O’Neal said there is now an additional half-hour drive for critical care treatment to Washington, NC. He also hopes to get Congress’ ear to give communities at least one year to save their hospitals if someone has come in and bought them and says they’re going to close them.
“We have a model that will work called ‘The Belhaven Model’,” O’Neal said. “It means right-sizing the hospital and putting in an accountable care organization. Our hospital had 45 beds and 129 employees; it really needed 10 beds and 55 employees.”
“Vidant closed our hospital not because nobody could make it work,” he added. “They closed it because they wanted to force people to drive to Washington. Now all the poor people in Belhaven who don’t have a car don’t have any medical care because they can’t get to Washington to an emergency room.”
O’Neal says the hospital serves people within a 70-80 mile radius and in addition to hospitals in Washington and Plymouth, some people now have to travel US-264 to Nags Head and the Outer Banks.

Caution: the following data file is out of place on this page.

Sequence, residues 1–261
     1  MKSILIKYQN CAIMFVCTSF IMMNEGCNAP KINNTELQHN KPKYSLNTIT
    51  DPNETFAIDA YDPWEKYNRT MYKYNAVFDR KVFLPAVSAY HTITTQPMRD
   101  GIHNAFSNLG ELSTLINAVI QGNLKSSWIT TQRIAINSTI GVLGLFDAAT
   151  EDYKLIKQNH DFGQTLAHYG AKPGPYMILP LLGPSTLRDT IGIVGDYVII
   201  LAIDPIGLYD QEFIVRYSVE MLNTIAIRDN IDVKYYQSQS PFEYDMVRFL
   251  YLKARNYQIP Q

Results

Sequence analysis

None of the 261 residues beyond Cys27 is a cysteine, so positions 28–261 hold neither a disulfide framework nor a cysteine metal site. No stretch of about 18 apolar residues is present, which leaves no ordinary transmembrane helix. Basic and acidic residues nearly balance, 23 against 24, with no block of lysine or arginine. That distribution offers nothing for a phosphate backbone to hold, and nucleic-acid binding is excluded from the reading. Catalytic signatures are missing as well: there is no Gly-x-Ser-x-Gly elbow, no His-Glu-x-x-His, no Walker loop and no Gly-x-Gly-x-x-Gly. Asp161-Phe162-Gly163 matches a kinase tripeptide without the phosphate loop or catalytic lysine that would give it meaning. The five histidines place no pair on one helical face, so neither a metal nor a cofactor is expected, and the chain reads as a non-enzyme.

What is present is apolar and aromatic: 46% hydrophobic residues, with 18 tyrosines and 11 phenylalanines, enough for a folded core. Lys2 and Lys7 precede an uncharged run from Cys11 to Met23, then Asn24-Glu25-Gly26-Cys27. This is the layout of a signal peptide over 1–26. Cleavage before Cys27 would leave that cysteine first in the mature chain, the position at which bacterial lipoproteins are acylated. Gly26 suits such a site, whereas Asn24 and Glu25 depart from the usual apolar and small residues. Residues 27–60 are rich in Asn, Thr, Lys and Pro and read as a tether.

“That’s sometimes a horrible, winding, up-and-down road,” he maintains.
O’Neal’s final point he hopes to make in Washington just might run contrary to the policies expressed by the leadership within his own party. Because most Southern states, including North Carolina, have opted not to expand the Medicaid health care program for the poor and disabled under the Affordable Care Act.
“Not accepting Medicaid expansion is costing the North Carolina health care system $2-billion a year, and it’s preventing 500,000 people from having health insurance,” he says. “That’s $2-billion in our state’s health-care system that would have been there.”
O’Neal and his supporters have hopes of meeting with Attorney General Eric Holder and possibly even President Obama. In the meantime, he’ll trek 20 miles a day taking short breaks every five miles.
“I guess I just feel that this is so wrong, and that the more attention it gets the better chances of a good outcome for the community,” he said.